Anton Stamitz (1750–ca.1809) Rondo capriccioso in G major
edited by Peter E. Gradenwitz [fl]
8 pages | 23 x 30,5 cm | 55 g | ISMN: 979-0-004-16602-4 | Softcover
Anton Stamitz, the son of the pioneer of the symphonic form Johann Stamitz, is one of the lesser known composers of the Mannheim circle. Unlike his older brother Carl, Anton Stamitz published only few compositions, and only relatively few manuscripts of his works are extant today. We also know quite little about his life. He was born in Deutsch Brod (today Havlickuv Brod) on 27 November 1750 and was named Anton Thadäus Johann Nepomuk. At the age of ten, he was already employed as a violinist in the Mannheim orchestra. In 1770 he accompanied his brother Carl to Strasbourg and later to Paris. He then decided to settle in Paris and was active there primarily as a violin teacher. His most famous pupil was Rodolphe Kreutzer. Anton Stamitz died most likely before 1809.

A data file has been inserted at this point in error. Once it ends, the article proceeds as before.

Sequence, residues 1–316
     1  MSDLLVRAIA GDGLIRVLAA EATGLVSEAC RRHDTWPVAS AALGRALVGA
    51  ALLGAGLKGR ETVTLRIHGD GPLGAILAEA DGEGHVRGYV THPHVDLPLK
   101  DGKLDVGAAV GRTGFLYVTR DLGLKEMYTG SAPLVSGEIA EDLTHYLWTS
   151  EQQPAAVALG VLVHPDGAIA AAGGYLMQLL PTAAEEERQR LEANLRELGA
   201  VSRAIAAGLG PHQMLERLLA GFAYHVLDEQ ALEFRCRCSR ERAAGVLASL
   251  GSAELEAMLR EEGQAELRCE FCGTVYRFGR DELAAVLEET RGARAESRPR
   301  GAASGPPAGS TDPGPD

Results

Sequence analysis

Many of Anton Stamitz’ works are written in the light and pleasant but not too original style characteristic of the second generation of Mannheim musicians. However, some of his works (above all the chamber music pieces) disclose occasional personal traits such as surprising harmonic turns and a remarkable sensitivity of expression. The present work, reprinted here for the first time on the basis of a contemporary edition, has been drawn from a collection of flute music brought out by his Parisian publisher. The original print is in the Bibliotheque Nationale in Paris and leaves no room for doubt that this is actually a piece for unaccompanied flute.
Peter Gradenwitz, Spring 1956